Functions of the Secretariat
- It organizes conferences of heads of state and government of member states.
- It prepares the report of the organization.
- The secretariat performs administrative functions
- It prepares the annual report on the activities of the organization.
- It provides facilities for all the meetings of the organization.
ACHIEVEMENTS OF COMMONWEALTH OF NATIONS
The Commonwealth of Nations has achieved several notable accomplishments since its establishment. Here are some of the key achievements of the Commonwealth:
1. Promoting Democracy and Good Governance: The Commonwealth has played a significant role in promoting democracy, good governance, and the rule of law. It has been actively involved in assisting member countries in strengthening their democratic institutions, supporting free and fair elections, and promoting human rights.
2. Conflict Resolution and Peacekeeping: The Commonwealth has been involved in mediating conflicts and facilitating peace processes in different regions. For example, it played a crucial role in resolving conflicts in South Africa during the apartheid era and in facilitating the peaceful transition of power in Zimbabwe.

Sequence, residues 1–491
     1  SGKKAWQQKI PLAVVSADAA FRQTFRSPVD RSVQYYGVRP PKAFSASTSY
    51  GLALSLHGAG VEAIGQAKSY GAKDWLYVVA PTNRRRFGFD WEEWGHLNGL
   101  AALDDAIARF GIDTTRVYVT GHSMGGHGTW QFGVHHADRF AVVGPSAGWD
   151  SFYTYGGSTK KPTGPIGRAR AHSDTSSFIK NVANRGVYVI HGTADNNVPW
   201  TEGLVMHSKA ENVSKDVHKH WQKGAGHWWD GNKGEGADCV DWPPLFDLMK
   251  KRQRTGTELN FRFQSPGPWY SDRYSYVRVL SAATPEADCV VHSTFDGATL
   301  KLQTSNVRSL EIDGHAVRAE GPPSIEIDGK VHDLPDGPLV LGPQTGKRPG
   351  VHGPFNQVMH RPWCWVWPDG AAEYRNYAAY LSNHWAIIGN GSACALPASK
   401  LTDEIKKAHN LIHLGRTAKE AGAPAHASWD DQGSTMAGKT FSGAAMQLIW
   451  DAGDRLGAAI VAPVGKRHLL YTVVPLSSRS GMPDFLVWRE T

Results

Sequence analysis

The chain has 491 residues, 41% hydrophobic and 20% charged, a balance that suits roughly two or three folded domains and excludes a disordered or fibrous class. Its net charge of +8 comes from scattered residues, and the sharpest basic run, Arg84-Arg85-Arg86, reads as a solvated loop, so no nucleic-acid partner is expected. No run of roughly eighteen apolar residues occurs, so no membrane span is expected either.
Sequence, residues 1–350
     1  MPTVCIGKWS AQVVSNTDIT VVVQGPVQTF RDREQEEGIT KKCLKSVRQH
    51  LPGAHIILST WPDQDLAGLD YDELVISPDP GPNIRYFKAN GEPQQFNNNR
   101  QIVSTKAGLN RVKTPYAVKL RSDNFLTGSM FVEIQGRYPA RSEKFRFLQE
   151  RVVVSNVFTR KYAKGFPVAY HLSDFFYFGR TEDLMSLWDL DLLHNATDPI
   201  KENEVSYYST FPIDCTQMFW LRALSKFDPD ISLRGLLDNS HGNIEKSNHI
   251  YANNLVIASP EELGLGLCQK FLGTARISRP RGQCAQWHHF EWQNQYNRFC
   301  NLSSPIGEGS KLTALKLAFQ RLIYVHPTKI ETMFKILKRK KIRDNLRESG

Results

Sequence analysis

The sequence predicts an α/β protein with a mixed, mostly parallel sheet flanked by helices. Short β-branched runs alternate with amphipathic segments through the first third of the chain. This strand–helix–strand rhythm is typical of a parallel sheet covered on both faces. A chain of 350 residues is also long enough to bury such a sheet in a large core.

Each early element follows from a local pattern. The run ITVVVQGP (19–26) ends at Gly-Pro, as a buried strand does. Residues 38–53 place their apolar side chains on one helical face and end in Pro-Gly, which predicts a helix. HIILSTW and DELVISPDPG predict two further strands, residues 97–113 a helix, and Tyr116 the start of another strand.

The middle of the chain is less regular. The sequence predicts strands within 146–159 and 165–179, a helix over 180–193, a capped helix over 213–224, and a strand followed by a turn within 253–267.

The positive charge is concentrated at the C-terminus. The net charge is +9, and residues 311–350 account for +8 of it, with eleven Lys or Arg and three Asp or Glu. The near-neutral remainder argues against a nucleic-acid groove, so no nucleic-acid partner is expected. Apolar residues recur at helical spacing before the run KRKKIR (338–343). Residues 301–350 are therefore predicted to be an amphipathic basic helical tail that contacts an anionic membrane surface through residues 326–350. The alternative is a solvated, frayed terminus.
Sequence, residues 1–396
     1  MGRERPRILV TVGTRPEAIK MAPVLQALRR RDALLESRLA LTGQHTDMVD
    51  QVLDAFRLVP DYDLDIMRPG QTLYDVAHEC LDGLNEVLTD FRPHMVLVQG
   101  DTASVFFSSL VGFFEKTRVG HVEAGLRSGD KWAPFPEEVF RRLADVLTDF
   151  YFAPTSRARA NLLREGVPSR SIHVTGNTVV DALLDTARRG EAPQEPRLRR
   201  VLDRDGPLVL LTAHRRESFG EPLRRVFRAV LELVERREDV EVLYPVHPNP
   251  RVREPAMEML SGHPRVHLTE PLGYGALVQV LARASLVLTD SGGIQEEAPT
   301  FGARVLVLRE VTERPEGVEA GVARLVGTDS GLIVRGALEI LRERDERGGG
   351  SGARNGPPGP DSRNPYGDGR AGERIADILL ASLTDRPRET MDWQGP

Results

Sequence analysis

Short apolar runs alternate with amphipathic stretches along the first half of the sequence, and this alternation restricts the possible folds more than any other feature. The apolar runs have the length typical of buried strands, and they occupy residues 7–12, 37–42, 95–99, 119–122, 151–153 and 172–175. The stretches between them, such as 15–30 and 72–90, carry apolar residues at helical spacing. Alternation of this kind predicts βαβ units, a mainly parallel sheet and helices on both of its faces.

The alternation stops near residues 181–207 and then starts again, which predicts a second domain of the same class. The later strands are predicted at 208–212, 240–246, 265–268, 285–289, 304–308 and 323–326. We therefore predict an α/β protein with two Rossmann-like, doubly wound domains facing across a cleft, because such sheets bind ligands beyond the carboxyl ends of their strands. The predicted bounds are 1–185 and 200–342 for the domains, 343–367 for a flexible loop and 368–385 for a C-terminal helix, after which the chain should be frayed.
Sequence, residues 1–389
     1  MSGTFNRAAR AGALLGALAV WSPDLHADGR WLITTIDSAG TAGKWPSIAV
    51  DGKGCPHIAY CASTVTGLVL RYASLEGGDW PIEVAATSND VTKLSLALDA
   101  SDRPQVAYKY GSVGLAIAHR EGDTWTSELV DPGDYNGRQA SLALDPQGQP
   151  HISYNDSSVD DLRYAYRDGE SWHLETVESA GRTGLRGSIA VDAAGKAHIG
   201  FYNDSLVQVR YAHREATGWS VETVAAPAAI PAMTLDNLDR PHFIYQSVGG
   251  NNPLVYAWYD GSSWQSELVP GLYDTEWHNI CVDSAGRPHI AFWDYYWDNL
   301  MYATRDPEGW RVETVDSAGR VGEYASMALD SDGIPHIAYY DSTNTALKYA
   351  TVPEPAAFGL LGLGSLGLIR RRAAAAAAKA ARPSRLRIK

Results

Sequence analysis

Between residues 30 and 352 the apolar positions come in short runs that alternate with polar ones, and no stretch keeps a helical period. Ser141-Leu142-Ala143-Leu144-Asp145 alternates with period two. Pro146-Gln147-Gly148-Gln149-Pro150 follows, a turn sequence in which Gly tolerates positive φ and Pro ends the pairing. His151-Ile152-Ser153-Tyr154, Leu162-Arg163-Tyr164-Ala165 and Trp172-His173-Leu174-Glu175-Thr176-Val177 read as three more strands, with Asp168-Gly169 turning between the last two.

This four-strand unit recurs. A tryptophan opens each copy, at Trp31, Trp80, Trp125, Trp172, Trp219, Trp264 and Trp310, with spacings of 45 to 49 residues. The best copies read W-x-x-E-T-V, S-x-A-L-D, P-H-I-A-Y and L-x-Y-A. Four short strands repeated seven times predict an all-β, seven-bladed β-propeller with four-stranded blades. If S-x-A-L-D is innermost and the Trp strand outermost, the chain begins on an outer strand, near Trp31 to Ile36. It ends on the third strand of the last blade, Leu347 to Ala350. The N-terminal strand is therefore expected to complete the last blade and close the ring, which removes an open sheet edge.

3. Advancing Gender Equality: The Commonwealth has been a champion of gender equality and women’s empowerment. It has advocated for women’s rights, increased women’s political participation, and supported initiatives to address gender-based violence and discrimination.
4. Development and Poverty Alleviation: The Commonwealth has focused on development issues, including poverty alleviation, sustainable economic growth, and access to quality education and healthcare. It has provided technical assistance, financial support, and expertise to member countries in these areas.
5. Climate Change and Environmental Conservation: The Commonwealth has been at the forefront of addressing climate change and promoting environmental conservation. It has led initiatives to promote sustainable development, mitigate the effects of climate change, and support vulnerable countries in adapting to environmental challenges.